- The Washington Times - Friday, August 10, 2001

Tom Maher, the first-year coach of the Washington Mystics, will return next season despite leading the team to at least the second-worst season in the franchise's four years.

Following the Mystics' 20th loss in 29 games Wednesday's ugly 42-36 defeat by the Miami Sol at MCI Center general manager Melissa McFerrin said Maher, an Australian, deserves at least another season to fix what went wrong this season.

"I think Tom has had a difficult season I don't think this is the season that he anticipated when he came here," McFerrin said. "I'm sure that he will take some things from this season and use them as learning points going into next season about this league and about this team.

"I expect Tom is going to make those kinds of adjustments," she said. "Tom has shown over time that he is a team builder, and maybe we haven't seen that growth yet, but I expect we will in the future."

Maher, 48, is the team's fifth coach in four seasons. From an image standpoint, the Mystics would look rather foolish if they fired another coach. Instead, McFerrin is hoping stability will lead to some semblance of success.

Maher, the WNBA's first foreign-born coach, said he wants his team to close out this disastrous season with dignity and class. The Mystics have three games left, two of which are against playoff-bound teams.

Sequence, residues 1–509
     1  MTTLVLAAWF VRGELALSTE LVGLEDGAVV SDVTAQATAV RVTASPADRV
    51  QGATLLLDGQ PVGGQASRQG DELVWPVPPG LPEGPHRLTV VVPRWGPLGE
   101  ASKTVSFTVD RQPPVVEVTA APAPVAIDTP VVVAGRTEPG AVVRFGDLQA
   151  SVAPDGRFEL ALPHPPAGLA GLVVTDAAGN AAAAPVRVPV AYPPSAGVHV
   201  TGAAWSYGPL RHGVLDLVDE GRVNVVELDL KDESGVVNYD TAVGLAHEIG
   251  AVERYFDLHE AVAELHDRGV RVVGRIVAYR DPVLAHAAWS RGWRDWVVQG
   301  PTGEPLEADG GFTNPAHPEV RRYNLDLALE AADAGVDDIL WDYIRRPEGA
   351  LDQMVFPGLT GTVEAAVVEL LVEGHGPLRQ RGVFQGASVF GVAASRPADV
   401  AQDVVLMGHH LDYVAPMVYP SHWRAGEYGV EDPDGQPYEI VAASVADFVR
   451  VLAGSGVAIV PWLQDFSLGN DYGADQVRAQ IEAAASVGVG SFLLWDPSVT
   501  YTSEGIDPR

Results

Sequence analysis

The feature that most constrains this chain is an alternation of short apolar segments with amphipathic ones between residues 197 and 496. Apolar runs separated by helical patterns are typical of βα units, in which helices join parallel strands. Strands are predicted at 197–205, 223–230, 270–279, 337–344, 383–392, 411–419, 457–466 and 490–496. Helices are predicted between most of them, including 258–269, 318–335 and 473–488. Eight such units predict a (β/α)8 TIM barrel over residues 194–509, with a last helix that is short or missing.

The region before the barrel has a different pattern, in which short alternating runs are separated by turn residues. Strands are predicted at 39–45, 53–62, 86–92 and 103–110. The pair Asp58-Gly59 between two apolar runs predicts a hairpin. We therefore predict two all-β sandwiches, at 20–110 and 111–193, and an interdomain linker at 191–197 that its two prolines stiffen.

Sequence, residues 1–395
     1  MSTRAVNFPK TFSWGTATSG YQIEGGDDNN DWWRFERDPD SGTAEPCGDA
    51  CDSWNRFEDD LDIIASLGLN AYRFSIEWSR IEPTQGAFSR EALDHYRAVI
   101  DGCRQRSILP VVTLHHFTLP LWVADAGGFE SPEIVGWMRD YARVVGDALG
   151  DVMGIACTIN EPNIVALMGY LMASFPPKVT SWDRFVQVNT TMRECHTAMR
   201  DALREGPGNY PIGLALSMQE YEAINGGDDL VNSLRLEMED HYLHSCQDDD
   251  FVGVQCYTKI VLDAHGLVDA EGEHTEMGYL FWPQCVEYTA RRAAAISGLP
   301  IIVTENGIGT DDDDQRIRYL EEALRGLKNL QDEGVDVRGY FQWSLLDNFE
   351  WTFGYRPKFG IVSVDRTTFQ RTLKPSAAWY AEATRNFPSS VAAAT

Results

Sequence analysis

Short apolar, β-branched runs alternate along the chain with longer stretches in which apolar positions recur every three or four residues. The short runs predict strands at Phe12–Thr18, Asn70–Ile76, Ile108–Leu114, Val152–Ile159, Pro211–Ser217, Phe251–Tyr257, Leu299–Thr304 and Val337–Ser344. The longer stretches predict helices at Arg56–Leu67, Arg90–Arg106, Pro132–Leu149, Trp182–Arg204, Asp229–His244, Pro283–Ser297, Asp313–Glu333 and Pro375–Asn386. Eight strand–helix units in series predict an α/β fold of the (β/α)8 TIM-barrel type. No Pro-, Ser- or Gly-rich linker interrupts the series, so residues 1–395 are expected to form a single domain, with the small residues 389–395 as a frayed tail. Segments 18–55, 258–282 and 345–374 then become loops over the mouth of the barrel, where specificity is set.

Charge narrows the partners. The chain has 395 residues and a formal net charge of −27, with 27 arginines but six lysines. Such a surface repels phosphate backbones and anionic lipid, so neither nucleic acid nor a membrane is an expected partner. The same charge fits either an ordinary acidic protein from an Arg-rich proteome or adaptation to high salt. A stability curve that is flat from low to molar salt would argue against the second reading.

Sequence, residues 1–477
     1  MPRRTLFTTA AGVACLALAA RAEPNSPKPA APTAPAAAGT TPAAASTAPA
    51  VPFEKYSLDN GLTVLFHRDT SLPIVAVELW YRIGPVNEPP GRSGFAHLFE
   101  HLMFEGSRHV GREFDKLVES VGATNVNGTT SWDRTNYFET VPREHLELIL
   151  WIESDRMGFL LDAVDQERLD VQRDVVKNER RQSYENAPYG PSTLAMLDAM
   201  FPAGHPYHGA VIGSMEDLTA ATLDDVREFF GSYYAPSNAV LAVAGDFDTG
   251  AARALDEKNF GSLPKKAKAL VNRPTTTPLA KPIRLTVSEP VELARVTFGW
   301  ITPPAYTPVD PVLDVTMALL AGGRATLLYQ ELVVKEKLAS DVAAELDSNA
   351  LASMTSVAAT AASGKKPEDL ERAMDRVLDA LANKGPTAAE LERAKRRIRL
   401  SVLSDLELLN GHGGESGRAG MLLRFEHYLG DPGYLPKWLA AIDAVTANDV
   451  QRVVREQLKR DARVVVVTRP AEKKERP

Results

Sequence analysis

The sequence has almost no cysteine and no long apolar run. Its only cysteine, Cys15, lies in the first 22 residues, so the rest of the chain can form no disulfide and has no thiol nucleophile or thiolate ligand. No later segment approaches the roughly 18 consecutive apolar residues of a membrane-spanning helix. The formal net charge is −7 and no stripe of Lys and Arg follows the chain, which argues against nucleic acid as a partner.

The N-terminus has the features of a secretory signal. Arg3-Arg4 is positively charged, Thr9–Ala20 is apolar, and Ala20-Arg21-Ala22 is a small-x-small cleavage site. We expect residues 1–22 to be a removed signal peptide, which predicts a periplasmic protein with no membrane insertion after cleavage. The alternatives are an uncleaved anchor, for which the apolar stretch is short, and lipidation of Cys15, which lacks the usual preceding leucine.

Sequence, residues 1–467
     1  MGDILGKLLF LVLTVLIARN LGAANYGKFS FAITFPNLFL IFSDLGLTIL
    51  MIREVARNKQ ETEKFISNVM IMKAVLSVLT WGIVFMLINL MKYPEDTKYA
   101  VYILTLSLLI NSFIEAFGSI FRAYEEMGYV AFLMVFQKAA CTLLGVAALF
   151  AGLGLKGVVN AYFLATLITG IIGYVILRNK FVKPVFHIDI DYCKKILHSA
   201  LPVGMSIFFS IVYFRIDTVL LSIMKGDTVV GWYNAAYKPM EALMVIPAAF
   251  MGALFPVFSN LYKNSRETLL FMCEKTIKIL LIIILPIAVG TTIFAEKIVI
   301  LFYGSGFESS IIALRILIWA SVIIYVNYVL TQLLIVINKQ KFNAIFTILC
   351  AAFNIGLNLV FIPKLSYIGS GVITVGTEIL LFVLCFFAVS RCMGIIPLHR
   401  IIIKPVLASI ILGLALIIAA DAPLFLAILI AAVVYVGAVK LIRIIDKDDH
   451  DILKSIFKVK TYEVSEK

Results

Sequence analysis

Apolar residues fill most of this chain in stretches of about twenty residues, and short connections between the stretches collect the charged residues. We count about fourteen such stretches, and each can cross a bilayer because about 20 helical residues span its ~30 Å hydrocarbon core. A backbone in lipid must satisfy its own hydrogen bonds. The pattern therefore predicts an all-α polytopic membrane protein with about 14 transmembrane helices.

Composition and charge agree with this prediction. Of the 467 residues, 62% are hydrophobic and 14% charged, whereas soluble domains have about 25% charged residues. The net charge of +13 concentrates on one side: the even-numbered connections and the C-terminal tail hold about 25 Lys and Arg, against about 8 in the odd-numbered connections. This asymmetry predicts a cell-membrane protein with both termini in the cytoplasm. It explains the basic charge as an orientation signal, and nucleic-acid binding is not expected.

"Other than personal things that would be a lot worse in everybody's life, none of us will have a greater opportunity to show our character in a sporting situation than we have now," Maher said. "This is an opportunity for us to show that we've got some class and be able to look back and say, 'Well, I've conducted myself with integrity and honor and dealt with it when it was a real tough situation.' "

Maher's unfamiliarity with the league's players hurt the Mystics from a scouting perspective. His loyalty toward recently unproductive players like All-Star guard Nikki McCray, who has shot 4-for-21 in her last two games and 0-for-9 from behind the 3-point arc, has hurt.

For some reason, the Mystics never responded to Maher's up-tempo system. With three games left in the season, players still struggle in Maher's halfcourt sets and ultimately stand around looking confused. Maher has a Herculean task of teaching the Mystics to play in a structured system.

Other than leading scorer Chamique Holdsclaw (16.6 points), the Mystics have no other viable offensive option a situation Maher and McFerrin will have to address in the offseason. A total roster makeover is a possibility.

Asked if she anticipates a massive housecleaning, McFerrin replied, "No, I do not," but added, "That's something that I will evaluate after the season. That's not anything I've spent a lot of time thinking about."

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